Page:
Interrupting the President

| Editor in Chief

Green Action members Adam Hasz, a senior, and Wei-Yin Ko, a junior, rally outside the President’s fundraiser on Tuesday along with other protestors.Courtesy of Kait Mauro

Green Action members Adam Hasz, a senior, and Wei-Yin Ko, a junior, rally outside the President’s fundraiser on Tuesday along with other protestors.

Senior Arielle Klagsbrun fell in love with Barack Obama in 2008 when she worked on his presidential campaign.

When she saw the man she voted for three years ago on Tuesday, she interrupted him during a pause in his speech to ask him to veto the Keystone XL Pipeline Project.

“He had been talking about our future, and that’s what vetoing Keystone XL is about: It’s about protecting not only the climate, but also our water sources and our agricultural fields and our indigenous land for the people that come after us,” Klagsbrun said.

Klagsbrun and junior Ken Kumanomido, the president of Green Action, spent $250 each on tickets to an Obama campaign event at the Renaissance Grand Hotel. The money was donated from outside sources.

The two students, who were dressed in their best, put messages on the inside of their jackets urging the president to veto the pipeline. On their backs, they donned Obama’s campaign symbol.

President of Green Action Ken Kumandomido, a junior and Arielle Klagsbrun, a senior, bought tickets to President Obama’s fundraiser at the Renaissance Grand Hotel Conference Center. The two were there to encourage the President to veto the Keystone XL Pipeline, and decorated the inside of their jackets to read as such. Courtesy of Kait Mauro

President of Green Action Ken Kumandomido, a junior and Arielle Klagsbrun, a senior, bought tickets to President Obama’s fundraiser at the Renaissance Grand Hotel Conference Center. The two were there to encourage the President to veto the Keystone XL Pipeline, and decorated the inside of their jackets to read as such.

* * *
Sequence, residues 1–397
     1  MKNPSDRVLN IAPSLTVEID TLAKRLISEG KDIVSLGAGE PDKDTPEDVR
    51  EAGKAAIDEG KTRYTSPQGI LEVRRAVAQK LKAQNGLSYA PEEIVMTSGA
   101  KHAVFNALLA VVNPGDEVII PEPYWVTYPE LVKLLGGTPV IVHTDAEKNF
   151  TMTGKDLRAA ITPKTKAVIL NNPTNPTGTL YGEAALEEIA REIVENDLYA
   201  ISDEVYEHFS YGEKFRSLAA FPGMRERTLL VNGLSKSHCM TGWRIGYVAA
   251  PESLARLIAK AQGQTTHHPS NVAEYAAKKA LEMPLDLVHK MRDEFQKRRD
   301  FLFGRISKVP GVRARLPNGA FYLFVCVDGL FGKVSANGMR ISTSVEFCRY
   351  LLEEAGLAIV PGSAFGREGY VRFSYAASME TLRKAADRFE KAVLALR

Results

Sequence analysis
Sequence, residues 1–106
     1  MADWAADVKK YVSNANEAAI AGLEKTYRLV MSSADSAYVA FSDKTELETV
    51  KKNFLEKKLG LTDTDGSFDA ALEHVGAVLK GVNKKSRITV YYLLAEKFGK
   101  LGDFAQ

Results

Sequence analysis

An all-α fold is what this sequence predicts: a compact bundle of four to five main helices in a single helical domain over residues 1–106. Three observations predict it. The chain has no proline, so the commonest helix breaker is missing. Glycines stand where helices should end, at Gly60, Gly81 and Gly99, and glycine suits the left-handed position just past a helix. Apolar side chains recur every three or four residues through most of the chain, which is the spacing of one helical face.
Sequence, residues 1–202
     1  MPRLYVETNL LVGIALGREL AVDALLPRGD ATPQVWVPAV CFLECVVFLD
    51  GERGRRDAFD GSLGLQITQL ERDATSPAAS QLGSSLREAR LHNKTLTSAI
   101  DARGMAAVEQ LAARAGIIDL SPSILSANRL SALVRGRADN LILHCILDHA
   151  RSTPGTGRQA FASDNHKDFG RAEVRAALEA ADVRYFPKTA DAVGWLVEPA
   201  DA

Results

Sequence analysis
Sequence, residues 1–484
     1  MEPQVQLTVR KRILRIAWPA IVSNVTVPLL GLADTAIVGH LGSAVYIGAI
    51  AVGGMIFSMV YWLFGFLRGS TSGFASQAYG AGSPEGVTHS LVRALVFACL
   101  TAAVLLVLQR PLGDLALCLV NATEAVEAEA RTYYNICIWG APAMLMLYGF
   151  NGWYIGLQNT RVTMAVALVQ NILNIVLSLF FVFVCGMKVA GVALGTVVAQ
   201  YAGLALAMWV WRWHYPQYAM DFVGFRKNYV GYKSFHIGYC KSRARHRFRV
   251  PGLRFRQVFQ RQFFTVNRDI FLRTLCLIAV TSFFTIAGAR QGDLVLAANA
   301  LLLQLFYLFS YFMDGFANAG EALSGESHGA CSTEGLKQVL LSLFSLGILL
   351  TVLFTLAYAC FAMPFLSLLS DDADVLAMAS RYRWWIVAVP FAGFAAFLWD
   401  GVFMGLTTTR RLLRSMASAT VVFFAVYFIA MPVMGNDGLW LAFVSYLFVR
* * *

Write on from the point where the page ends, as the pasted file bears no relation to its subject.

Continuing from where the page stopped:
President Obama acknowledged their interruption after finishing his speech, noting the presence of environmentalists in the crowd.

“We care about the president a lot, and we were not there to bash him but to show our support and push him to do the right thing,” Klagsbrun said. “Listening to his speech reminded me that he’s just a person and that we need to push him and hold him accountable, and that it’s not bashing him to tell him what we think, because he is our president.”

The proposed pipeline is a 1,700-mile-long line that would bring tar sands oil from Alberta, Canada to refineries in the Texas Gulf Coast.

Activists across the nation have been urging Obama to veto the pipeline because of its possible environmental consequences. They say the pipeline would introduce the potential of oil spills, require construction across the country’s heartland (including Nebraska, Oklahoma and Illinois) and be a significant investment in oil as opposed to alternative, cleaner energy sources.

In July, the Wall Street Journal ran an editorial in support of the pipeline, arguing that the multi-billion-dollar project would create 100,000 jobs and reduce the U.S.’s reliance on foreign oil.

When Obama visited St. Louis for a few hours on Tuesday for a campaign event, 30 members of Green Action and even more from Occupy St. Louis, the local branch of Occupy Wall Street, decided to remind him that they want him to veto the proposal.

“They gave the president the message of ‘Yes you can; you have the power to veto the Keystone XL pipeline. We want to work for you, but we need you to re-inspire us,’” Klagsbrun said.

Klagsbrun said that the crowd members’ reactions to her interruption were mixed. Some people told her she had been rude, and one crowd member even tried to pull Kumanomido’s jacket away from him.

A few other people, she said, thanked her for reminding the president about a pressing issue. Others had never heard of the Keystone XL Pipeline Project and promised to look into it.

“We [Green Action members] support Obama. We know that he knows what the right thing is, and our job is to create the support for him to be able to do what’s right,” Klagsbrun said.